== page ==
The scale of the engineering challenge faced by the company and its partners in developing its latest unmanned aircraft, Taranis, were the subject of a lecture by, Nigel Whitehead FREng, Group MD of Programmes and Support at BAE Systems.
Speaking at the 2012 Lloyd’s Register Educational Trust and Dinner, which took place at the Academy on 18 December, Mr Whitehead lifted the lid on a decade of technology demonstrations and trials to enable Taranis’ autonomous capability, survivability and precision.
The demonstrator aircraft is paving the way towards an operational system which offers reliable, repeatable operations in demanding environments while keeping the man and women of the UK armed forces out of harm’s way, as well as costing a fraction of the cost of manned aircraft, he told his capacity audience.
“We are on the cusp of a major evolution in aerospace and defence. The inexorable rise of digital capability has put within our grasp the most tantalising of possibilities; that robots can be used to perform the dull, dirty and/or dangerous tasks that we don’t want to do,” he said.
The BAE Systems led UK industry team has created Taranis to demonstrate precision ground target engagement and long range surveillance capabilities. As well as military uses, there are potential civil applications, including using them for geological and geographical surveys, protecting fisheries, search and rescue, plus oil pipeline surveillance.
Mr Whitehead outlined the four challenging areas of the Taranis project: autonomy, survivability, precision and cost. The system is autonomous so the objective was to take the workload associated with operating the system away from the commander so that he or she can focus on the aim of the mission. The aircraft has aspects of mission planning, response to threats, electronic countermeasures, the encryption of the communication links and other features contributing to its survivability.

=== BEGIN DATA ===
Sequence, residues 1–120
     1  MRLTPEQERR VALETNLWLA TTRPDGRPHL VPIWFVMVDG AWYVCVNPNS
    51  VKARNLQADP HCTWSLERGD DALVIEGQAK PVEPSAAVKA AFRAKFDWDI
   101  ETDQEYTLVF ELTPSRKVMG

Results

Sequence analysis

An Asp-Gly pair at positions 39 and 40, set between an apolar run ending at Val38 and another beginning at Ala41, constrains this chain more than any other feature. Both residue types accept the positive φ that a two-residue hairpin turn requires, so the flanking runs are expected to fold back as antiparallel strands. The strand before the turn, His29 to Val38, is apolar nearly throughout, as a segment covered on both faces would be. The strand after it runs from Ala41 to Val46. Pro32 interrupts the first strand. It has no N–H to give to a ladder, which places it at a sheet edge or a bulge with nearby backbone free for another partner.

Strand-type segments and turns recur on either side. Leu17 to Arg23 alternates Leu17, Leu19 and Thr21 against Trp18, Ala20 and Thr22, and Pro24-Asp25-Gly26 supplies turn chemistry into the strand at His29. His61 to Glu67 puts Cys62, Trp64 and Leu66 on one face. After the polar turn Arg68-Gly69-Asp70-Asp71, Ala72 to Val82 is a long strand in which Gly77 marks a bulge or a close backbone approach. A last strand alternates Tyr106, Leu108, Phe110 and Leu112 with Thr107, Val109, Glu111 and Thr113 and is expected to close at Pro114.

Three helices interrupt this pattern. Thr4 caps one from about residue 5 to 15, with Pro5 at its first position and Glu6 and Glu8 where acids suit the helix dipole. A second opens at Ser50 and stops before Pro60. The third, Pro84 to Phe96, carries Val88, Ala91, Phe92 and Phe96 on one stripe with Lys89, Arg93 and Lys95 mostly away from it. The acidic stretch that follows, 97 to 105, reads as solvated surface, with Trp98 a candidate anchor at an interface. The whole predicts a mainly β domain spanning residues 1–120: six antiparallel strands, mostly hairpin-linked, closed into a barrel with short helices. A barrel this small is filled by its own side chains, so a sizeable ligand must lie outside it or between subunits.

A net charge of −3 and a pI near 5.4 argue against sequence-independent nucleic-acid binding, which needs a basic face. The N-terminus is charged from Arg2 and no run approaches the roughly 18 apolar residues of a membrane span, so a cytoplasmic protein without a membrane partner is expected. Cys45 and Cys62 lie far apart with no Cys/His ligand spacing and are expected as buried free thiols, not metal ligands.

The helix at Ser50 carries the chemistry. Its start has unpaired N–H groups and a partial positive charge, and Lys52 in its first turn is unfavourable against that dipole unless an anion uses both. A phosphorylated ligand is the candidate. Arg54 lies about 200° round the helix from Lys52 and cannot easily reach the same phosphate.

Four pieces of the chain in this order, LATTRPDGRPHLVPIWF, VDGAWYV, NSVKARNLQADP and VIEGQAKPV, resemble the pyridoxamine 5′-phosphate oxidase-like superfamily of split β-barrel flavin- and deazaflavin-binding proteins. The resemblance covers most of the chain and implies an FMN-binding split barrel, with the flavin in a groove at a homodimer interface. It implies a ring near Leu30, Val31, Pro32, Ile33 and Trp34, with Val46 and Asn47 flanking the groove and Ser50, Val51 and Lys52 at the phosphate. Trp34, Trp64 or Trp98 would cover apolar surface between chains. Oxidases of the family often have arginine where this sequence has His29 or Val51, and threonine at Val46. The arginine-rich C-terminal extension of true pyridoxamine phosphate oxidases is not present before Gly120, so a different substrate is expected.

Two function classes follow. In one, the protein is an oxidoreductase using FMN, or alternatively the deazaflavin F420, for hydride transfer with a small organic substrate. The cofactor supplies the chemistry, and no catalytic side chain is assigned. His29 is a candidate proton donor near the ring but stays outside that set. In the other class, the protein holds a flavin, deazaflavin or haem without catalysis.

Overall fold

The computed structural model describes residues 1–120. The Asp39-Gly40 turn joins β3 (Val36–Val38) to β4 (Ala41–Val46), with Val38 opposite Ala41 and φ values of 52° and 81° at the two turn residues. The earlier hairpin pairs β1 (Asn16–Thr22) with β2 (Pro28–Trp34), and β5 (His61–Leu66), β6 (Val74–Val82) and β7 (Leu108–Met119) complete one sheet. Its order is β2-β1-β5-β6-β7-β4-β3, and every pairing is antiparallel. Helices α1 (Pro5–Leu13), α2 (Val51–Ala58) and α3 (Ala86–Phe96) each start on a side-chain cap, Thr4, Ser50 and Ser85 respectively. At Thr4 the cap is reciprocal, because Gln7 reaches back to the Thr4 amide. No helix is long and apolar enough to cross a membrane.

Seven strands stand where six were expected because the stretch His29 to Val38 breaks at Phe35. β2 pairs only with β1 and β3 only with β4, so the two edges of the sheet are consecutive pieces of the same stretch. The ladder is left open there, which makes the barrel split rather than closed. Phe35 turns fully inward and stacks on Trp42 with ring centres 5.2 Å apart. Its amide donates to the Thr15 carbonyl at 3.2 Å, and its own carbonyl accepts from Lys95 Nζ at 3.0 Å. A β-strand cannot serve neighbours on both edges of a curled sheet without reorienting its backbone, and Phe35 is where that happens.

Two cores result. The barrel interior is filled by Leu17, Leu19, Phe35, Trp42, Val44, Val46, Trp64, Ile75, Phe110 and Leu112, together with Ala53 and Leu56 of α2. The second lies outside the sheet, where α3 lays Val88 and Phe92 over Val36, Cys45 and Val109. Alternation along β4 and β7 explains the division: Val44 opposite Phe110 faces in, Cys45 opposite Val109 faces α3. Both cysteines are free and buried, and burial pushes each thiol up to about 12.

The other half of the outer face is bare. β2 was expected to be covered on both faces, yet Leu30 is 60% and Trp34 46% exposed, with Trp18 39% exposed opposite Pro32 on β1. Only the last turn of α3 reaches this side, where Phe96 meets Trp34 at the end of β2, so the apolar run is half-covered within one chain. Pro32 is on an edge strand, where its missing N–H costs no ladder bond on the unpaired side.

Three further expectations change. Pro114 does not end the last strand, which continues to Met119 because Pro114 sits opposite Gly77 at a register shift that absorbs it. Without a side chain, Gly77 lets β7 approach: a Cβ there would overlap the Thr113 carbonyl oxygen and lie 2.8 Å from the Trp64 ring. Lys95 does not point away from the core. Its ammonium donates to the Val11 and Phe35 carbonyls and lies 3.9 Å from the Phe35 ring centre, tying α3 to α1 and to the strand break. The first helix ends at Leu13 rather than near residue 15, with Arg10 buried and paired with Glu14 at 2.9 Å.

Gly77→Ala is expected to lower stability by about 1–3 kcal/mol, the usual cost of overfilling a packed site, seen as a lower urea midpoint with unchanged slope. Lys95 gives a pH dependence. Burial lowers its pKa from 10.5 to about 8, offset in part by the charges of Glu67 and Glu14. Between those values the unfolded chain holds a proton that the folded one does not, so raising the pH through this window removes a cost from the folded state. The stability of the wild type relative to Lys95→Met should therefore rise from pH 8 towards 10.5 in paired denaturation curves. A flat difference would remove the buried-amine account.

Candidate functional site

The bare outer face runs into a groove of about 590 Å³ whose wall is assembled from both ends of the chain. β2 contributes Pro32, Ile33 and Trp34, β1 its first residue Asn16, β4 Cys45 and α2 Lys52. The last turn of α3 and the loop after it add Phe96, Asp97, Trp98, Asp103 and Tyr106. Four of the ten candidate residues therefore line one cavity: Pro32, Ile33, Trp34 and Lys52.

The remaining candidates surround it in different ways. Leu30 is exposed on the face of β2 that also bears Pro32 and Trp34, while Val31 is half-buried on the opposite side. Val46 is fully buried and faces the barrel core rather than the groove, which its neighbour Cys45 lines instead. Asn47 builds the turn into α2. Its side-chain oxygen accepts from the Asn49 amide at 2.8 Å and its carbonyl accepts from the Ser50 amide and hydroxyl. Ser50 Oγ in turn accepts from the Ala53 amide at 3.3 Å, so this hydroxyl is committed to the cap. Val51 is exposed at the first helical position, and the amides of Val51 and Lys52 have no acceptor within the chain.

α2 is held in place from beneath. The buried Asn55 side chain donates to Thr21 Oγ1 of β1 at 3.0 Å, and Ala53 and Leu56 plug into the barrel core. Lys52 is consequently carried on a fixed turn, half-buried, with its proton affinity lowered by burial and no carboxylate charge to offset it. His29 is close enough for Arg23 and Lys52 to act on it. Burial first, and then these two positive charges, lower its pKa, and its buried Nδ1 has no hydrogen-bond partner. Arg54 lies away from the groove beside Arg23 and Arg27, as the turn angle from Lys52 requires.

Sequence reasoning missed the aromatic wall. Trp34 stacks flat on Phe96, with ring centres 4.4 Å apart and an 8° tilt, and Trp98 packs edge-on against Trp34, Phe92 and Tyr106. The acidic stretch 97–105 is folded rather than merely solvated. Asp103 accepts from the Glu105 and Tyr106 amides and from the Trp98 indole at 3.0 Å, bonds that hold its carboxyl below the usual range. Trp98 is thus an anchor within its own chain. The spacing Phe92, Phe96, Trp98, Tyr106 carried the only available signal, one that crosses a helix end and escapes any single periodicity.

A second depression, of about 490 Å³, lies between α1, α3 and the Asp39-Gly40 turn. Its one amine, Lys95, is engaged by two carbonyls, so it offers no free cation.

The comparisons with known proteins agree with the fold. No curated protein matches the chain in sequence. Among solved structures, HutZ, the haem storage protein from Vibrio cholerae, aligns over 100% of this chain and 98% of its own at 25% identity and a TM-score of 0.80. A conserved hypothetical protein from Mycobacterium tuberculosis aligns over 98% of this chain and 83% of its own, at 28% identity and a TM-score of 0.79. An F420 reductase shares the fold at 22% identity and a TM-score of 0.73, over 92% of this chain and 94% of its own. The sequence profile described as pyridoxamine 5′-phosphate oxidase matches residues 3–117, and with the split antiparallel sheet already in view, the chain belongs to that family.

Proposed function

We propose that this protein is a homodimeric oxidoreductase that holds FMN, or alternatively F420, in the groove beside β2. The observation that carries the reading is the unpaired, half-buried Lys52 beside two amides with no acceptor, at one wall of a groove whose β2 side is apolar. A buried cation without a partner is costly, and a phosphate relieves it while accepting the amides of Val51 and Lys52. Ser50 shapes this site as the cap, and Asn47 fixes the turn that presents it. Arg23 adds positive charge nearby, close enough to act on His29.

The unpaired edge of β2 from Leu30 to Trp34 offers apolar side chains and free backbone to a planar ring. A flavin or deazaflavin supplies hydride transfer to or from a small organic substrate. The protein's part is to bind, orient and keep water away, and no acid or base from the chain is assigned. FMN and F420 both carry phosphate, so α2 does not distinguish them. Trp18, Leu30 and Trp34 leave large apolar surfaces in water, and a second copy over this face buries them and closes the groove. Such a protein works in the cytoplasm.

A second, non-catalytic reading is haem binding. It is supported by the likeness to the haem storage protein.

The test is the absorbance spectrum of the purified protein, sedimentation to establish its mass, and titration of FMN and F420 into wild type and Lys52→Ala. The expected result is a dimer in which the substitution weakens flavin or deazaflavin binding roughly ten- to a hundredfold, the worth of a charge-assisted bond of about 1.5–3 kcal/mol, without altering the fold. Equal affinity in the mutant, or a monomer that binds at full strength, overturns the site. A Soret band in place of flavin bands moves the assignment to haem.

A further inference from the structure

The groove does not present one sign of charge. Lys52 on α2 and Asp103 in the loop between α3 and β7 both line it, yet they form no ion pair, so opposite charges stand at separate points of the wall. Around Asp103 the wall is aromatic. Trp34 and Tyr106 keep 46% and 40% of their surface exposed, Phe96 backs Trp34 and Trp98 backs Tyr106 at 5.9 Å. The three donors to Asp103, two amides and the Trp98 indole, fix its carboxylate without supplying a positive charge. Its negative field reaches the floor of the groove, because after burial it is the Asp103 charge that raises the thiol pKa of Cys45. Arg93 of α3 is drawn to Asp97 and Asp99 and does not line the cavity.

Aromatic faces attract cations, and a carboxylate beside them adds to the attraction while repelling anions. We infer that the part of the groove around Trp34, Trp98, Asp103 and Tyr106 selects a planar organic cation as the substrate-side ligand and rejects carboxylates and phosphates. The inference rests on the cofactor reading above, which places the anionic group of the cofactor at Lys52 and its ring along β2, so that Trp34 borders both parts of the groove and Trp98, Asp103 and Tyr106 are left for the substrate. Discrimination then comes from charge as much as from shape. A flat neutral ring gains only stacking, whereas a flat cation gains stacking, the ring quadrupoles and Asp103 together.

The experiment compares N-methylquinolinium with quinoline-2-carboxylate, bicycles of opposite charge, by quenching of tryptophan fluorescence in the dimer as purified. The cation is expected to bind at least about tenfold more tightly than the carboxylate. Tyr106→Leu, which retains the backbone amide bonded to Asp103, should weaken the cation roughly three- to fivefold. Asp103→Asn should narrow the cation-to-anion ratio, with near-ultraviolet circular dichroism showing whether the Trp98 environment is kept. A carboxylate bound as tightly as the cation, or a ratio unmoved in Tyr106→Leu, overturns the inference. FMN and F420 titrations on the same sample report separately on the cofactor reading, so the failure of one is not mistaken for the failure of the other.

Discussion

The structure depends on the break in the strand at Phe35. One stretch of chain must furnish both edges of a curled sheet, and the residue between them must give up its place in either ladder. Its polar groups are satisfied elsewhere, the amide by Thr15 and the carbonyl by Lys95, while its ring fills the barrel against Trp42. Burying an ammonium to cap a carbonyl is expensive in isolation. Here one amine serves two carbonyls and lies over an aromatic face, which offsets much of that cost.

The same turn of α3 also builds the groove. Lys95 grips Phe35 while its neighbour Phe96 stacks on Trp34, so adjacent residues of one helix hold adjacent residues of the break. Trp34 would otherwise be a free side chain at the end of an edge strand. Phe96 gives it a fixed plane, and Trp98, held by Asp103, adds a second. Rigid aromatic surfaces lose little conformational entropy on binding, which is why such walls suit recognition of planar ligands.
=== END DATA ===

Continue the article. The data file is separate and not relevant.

It focuses on accurate positioning data for vehicles and targets and offers the opportunity to minimise collateral damage. Building on outputs and experience from Taranis, BAE Systems aims to reduce the cost of this class of air vehicle by adapting its shape, size and materials.
A number of demonstrator models have contributed to the technological progress and risk reduction in unmanned aircraft systems so far and the government and industry have so far invested around £250 million.
Taranis was conceived in 2006 and is another demonstrator but has incorporated all the technologies developed so far for unmanned aircraft systems in one ‘super stealthy’ system, said Mr Whitehead.
The aircraft will fly a representative mission as part of the demonstration programme and depending on what is learnt, the UK could end up with a mix of unmanned combat air vehicles and conventional aircraft.
“The Taranis programme will inform future decision-making about the size and shape of the UK air defence forces. It will also likely define the future of the military aircraft industry. This programme in many ways is at the heart of the question, what next in aviation,” said Mr Whitehead.
Notes for editors
Nigel Whitehead is Group MD, Programmes and Support at BAE Systems and has responsibility for UK businesses including maritime, military air and information combat vehicles as well as the group’s shared operations. He is also a council member at the Academy. He previously served as Group MD of Military Air Solutions at BAE Systems where he has been active in defence programmes for 28 years. Prior to joining British Aerospace as an aerodynamicist, he worked for Rolls-Royce as a production engineering apprentice.
Taranis was conceived in 2006 and is a joint project between BAE Systems and Rolls-Royce, QinetiQ, MOD, DSTL and GE Aviation. Cobham, Claverham, Triumph Group, APPH and others are also involved.
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